local wideString = string.match(wideLine, "tileswide (%d+)");

if (wideString == nil) then
	error('Invalid data: "tileswide (%d+)" not matched');


The ("%d+") is Lua’s variation on regexes. %d+ means ‘one or more digits’ and the brackets mark it as a capture, so string.match returns either the matched value as a string or nil if the pattern didn’t match.

The prints are just there for debugging.


Yeah I think you’re right about that, for things like this

I actually had went through the whole C# thing on SoloLearn, so I should be able to understand it if you did it with C#

Lua or C# is cool but…

I got it working with GMS2! And I might make a world editor in it. If I can load it, I can edit it and export it.

Right after I said I got it working, I had to spend another hour or two making the saving work lol. But now it does work, all I got left to do is… the actual thing to edit the level. But that can wait, the only urgent thing is the compression thing, which should be easy enough


Ok, I’m getting headaches from this…
I initially wanted to “move” the right half of a section on top of the left side of a section. But that’s giving me headaches, so I’m thinking about just interlacing it like I’m doing here

Am I doing this right?

for(var i = 0; i < ds_grid_width(data); i++) {
	if (i % 2 == 0) {
		for(var j = 0; j < ds_grid_height(data); j++) {
			var _value_left = ds_grid_get(data, i, j) << 4;
			var _value_right = ds_grid_get(data, (i*+1), j);
			var _value = _value_left + _value_right;
			ds_grid_set(dataCompressed, i/2, j, _value);

Edit: yeah! I am doing this right! It’s working! Now all I’ll need to do is load it on the Arduboy

(Pharap) #169

I’m not sure what you mean by this.

By interlacing do you mean like this?:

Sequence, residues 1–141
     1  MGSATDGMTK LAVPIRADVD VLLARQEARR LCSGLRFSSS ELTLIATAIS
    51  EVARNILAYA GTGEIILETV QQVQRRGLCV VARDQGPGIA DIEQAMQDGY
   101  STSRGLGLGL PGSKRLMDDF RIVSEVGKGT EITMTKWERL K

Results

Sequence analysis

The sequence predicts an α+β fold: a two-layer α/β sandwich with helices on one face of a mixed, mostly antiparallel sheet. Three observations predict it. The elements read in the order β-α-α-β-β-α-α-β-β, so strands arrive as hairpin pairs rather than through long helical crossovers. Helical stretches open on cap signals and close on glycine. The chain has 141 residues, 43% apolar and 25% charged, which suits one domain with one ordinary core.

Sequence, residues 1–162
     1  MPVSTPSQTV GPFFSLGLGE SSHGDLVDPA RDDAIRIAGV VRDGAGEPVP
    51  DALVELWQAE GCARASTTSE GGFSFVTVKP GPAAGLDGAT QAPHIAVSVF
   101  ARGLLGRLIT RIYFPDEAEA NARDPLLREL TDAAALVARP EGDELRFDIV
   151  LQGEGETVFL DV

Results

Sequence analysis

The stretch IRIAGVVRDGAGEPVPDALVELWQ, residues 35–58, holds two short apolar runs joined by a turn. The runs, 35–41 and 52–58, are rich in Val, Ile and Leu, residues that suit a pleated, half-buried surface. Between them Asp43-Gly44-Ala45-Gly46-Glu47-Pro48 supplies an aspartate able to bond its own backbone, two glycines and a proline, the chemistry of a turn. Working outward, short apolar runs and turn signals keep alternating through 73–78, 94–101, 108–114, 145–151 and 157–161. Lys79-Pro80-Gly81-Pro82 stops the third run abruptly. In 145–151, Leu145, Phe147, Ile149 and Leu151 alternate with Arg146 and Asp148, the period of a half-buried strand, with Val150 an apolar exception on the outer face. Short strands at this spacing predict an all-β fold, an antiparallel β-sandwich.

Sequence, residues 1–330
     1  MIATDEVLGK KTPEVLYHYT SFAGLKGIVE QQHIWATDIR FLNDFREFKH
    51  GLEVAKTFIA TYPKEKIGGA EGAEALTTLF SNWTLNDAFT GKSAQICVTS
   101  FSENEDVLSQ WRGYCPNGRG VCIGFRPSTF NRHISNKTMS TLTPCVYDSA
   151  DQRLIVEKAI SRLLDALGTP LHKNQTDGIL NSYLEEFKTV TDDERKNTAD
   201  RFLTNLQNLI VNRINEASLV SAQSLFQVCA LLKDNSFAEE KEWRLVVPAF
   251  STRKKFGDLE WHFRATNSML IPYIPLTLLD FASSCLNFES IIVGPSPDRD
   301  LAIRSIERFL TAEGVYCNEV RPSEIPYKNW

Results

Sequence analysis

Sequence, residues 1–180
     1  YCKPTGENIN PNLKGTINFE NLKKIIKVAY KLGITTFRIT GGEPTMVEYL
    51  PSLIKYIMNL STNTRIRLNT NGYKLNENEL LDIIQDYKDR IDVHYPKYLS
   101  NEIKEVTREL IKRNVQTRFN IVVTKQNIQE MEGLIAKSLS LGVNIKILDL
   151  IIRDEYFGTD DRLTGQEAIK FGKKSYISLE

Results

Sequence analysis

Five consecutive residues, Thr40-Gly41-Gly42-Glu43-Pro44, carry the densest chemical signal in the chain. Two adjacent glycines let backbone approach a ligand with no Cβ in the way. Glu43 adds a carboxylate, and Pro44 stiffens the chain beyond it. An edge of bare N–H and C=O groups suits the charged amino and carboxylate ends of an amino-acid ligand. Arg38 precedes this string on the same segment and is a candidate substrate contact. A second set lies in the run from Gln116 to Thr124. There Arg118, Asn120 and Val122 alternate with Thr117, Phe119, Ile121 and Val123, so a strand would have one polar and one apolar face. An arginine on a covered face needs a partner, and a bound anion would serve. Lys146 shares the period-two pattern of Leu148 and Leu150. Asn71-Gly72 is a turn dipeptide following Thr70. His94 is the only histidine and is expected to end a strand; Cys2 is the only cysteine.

If so, I don’t think that’s going to be very efficient for the Arduboy to decode.

If you’ve got one tile per nibble then to get the high nibble the assembly would be (assume the tile byte has been loaded into r1):

LSR r1
LSR r1
LSR r1
LSR r1

And to get the low nibble, just:

ANDI r1, $0F

Interlacing would require far more than that.


What I mean by interlacing is

index 0, right nibble. index 1, left nibble of index 0. index 2, right nibble. Index 3, left nibble of index 2

I initially wanted it to be

index 0, left nibble of index 0. index 1, left nibble of index 2. 0 to 7 lef nible of 0 to 7, and 8 to 15 right nibble from 0 to 7.

But in the end it’s pretty much the same thing, it’s a 16x8 area into a 8x8 area, each section contains only nibbles from itself so it’s ok.

(Pharap) #171

That’s the better way. It’s easier to work with logically and you end up having each byte representing tiles that are next to each other.

(They’re usually called high & low rather than left & right. High = left, low = right.)

That’s much less efficient. It’s better to have a byte store an odd-and-even pair.

That said, here’s how you’d read that:

constexpr uint8_t span = 8;

const uint8_t worldData[span] PROGMEM = { /*...*/ };

uint8_t getTile(uint8_t index)
	uint8_t data = pgm_read_byte(&worldData[index / 2]);
	return (index < span) ? ((data >> 4) & 0x0F) : ((data >> 0) & 0x0F);

As opposed to the better method of:

const uint8_t worldData[] PROGMEM = { /*...*/ };

uint8_t getTile(uint8_t index)
	uint8_t data = pgm_read_byte(&worldData[index / 2]);
	return ((index % 2) == 0) ? ((data >> 0) & 0x0F) : ((data >> 4) & 0x0F);

The side-by-side approach (or ‘interlacing’ as you called it) is better because it works regardless of the array size.
The former approach requires increasing the integer size after a certain point.
I.e. if span was 256 you’d have to go up to uint16_t.

If you were doing this on a CPU with a cache then the second approach would also possibly be much slower after it reached a certain size, because the CPU would be constantly reloading the cache (a.k.a. cache thrashing).

See also: Locality of reference.

I’m not sure this could be described as interlacing.

Interlacing is when you take two sets of source data and combine them into one by alternating the data.

(Image taken from here.)

A bit like how Sprites::drawPlusMask's draw mode works: one byte of the image, one byte of the mask, one byte of the image, one byte of the mask etc.